hormones found in the human body. Such pesticides are
commonly found in several countries of the South. In the
Philippines, for example, countrywide surveys reveal that
pesticide residues of these “hormone mimickers”,
some of which are already “banned” in developed
countries, are found in a wide range of vegetables and
fruits. One such pesticide found in food is endosulfan.
This pesticide belongs to a chemical group called “organochlorines”.
Such chemicals can “mimic” the hormones in
our bodies and have been associated with higher incidences
of breast cancer, testicular and prostate cancer, reduction
in male fertility, and defects in male sex organs.
Another pesticide belonging to this category is DDT. Residues
of this pesticide long banned in developed countries have
been found also in a number of vegetables and food products,
not only in the Philippines, but also in other countries.
In India, let me cite a survey conducted by the Punjab
Agricultural University revealing the presence of DDT
and HCH residues in wheat and maize flour and rice. Most
of the samples contain DDT residues above the legal limit.
Another study conducted by the National Institute of Nutrition,
Hyderabad, for the Consumer Education and Research Center,
Ahmedabad, showed that organochlorines were found in different
proportions in the food samples tested consisting of food
grains, milk and milk products and packaged food commodities
such as jam and coffee. Four of the pesticides tested
were present beyond the so-called “Maximum Residue
Limit” or MRL.
Women and Pesticides
Women and children are particularly vulnerable
to pesticide exposure. Most of the peasant women in the
Philippines, for example, work on farms that use pesticides
heavily such as rice, corn, sugar, vegetables, and fruit
farms. Their important role in the food production process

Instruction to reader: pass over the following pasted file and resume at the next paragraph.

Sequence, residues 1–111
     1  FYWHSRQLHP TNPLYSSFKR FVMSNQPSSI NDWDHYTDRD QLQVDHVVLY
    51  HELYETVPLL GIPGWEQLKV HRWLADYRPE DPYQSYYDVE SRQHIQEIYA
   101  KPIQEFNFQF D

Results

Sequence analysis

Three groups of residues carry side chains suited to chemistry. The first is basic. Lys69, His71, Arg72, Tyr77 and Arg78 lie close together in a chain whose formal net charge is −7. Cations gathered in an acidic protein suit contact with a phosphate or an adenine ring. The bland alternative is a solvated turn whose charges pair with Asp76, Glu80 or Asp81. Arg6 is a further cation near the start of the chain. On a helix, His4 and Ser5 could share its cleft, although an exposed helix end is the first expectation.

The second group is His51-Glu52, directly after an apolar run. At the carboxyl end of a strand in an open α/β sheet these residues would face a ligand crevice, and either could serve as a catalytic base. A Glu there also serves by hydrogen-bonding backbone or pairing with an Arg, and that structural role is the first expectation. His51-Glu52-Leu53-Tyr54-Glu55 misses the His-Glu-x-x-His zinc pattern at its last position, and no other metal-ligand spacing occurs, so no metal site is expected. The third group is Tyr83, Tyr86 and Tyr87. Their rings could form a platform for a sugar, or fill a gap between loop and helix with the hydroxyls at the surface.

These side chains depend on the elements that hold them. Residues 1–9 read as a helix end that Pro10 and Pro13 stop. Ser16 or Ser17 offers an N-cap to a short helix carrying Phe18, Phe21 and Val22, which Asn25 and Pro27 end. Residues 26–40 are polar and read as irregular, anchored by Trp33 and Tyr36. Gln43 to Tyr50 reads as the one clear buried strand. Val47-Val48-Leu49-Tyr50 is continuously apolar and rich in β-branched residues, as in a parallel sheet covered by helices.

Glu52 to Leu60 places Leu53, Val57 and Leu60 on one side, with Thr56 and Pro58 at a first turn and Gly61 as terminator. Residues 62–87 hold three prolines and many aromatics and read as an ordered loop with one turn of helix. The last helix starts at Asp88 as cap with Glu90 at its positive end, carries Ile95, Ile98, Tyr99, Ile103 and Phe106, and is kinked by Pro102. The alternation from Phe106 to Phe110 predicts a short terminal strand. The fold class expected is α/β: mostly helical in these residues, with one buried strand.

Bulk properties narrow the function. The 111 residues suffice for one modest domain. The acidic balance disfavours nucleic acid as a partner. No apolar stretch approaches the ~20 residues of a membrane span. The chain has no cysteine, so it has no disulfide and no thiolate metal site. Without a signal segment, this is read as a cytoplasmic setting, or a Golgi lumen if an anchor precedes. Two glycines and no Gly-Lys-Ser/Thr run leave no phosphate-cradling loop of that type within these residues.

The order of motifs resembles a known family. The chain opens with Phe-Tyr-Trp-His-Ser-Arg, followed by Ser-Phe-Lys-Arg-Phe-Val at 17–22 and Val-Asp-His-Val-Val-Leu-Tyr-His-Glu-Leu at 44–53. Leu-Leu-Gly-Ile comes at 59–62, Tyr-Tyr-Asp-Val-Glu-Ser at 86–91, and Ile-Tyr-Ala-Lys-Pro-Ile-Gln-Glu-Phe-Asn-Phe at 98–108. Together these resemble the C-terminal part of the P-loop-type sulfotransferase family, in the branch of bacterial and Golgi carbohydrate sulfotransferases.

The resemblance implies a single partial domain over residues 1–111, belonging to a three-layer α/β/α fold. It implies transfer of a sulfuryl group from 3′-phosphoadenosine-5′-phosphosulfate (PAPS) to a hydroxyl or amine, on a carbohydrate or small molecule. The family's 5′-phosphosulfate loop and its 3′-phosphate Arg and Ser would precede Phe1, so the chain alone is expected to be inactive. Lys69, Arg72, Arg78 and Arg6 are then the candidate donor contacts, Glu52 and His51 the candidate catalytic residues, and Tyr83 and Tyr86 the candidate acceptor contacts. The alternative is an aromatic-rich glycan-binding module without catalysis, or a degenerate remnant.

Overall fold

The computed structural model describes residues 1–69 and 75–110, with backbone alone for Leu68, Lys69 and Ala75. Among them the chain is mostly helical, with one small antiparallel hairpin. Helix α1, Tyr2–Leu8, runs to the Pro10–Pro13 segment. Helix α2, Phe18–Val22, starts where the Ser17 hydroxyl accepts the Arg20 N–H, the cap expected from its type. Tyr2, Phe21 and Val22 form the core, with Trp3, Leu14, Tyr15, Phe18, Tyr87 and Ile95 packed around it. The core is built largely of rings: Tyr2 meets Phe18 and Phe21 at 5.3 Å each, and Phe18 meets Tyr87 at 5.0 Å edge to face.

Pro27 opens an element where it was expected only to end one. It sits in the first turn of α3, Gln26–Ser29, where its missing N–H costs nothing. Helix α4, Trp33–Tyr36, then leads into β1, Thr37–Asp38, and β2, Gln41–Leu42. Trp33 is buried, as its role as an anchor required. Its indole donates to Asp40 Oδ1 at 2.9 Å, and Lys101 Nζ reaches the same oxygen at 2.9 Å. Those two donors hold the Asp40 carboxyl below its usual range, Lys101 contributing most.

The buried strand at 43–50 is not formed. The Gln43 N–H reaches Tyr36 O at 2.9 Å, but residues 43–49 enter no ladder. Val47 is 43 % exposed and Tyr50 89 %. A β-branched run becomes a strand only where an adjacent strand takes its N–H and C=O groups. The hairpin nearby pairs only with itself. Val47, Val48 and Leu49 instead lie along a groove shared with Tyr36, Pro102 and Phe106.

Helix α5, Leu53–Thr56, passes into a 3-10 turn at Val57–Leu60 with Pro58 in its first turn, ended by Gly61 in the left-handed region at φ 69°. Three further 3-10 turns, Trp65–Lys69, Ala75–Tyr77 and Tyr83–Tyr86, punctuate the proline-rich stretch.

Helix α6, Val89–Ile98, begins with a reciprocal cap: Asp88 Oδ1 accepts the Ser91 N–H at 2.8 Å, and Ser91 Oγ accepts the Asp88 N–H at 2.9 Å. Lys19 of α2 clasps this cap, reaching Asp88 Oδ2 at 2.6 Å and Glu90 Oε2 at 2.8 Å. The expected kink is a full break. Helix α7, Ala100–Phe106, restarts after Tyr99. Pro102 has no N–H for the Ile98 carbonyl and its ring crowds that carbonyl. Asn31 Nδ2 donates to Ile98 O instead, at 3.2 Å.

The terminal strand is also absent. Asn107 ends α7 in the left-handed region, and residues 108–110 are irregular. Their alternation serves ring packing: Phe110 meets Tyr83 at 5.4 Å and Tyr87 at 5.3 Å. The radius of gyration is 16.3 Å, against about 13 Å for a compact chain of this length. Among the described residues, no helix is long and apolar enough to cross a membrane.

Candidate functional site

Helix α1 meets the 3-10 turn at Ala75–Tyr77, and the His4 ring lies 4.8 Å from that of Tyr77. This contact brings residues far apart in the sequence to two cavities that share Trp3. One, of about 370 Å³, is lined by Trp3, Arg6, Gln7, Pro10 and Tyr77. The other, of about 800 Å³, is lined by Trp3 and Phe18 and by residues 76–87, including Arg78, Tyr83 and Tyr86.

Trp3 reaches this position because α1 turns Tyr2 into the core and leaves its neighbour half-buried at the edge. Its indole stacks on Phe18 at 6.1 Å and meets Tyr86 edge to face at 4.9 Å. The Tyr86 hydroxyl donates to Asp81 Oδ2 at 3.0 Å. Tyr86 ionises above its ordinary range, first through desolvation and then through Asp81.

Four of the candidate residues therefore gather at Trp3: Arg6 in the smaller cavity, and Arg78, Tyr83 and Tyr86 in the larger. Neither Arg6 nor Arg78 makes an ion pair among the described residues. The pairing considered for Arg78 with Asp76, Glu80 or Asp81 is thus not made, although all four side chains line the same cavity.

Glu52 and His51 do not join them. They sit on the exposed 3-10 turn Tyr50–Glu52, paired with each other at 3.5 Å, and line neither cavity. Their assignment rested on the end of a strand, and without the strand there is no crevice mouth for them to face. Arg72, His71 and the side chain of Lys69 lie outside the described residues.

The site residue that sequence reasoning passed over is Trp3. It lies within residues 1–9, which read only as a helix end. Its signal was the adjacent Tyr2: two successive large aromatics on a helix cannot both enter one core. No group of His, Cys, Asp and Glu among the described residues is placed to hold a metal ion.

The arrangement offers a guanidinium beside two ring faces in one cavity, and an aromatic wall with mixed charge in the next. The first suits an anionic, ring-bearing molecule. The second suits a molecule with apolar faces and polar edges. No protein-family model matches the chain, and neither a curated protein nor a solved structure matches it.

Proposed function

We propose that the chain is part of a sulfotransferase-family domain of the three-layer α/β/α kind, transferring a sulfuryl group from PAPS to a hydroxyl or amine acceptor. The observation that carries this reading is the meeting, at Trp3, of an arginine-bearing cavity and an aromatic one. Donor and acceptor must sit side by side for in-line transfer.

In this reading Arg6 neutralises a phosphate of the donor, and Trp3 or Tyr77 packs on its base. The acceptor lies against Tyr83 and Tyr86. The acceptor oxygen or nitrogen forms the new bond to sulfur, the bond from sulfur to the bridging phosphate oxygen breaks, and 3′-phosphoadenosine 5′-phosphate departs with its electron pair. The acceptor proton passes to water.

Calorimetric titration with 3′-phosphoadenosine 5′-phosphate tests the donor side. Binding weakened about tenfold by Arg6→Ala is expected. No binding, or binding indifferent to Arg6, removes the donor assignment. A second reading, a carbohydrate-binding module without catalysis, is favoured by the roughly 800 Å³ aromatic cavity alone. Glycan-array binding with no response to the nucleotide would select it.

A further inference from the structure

has been glossed over or neglected. In rice growing areas,
women spend 8-10 hours soaking in pesticide-laden fields,
weeding, transplanting, picking snails, and harvesting.
Women bathe and wash clothes in pesticide contaminated
irrigation channels. In post-harvest activities, women
get in direct contact with agricultural products contaminated
with chemical residues. The multiple roles of women often
result in overfatigue and weakened health making them
more susceptible to pesticide poisoning. A woman’s
body contains more fatty tissue than a man’s body,
thus she “stores” more pesticides in her body,
especially in breasts. When a woman gets pregnant, she
passes the pesticides to the fetus. When the baby is born,
the mother will again pass the pesticides to her baby
by breastfeeding her contaminated milk.
Pesticides are known to cause infertility, spontaneous
abortion, stillbirths, and birth defects. Certain genital
cancers may be caused by pesticides, and low sperm counts
in men have been associated with pesticide exposure. In
Third World countries, the adverse effects of pesticides
tend to occur more frequently and are likely to be more
severe because of aggravating conditions like poverty,
ignorance, malnutrition, and other social, economic and
political factors that are driven by the characteristics
of global power relations.
Adverse health effects do not only happen to people who
work with pesticides. Practically everybody has some contact
with small amounts of pesticides through contaminated
food, water, and air. Pesticide residues are found in
samples of vegetables, fruits, rice and other kinds of
food. Water samples, including those from sources of drinking
water, have been found to be contaminated also by different
kinds of pesticides. The use of pesticides in households
and yards have also been found to be associated with serious
adverse health effects. Even the use of the innocently
looking household pest strip, advertised as innocuous
by pesticide companies, have been associated with increased
incidence of childhood leukemia.
Pesticides and Cancer
One of the more serious long term effects
of pesticides on people’s health is cancer. Several
pesticides are already known to cause cancer in humans.
Others may not have direct evidence of causation but have
shown to be associated with increased cancer incidence.
Many others have been shown to cause cancer in animals
but evidence of causation in humans is non-conclusive
or lacking. Many more have not been shown to cause cancer,
mainly because they have not been studied well. Many pesticides
exhibit similarities in chemical structure and actions
as other chemicals previously shown to cause cancer. Many
other indirect evidences, for example, steroid-like effects,
production of by-products indicating cellular damage,
and disruption of intercellular communication point to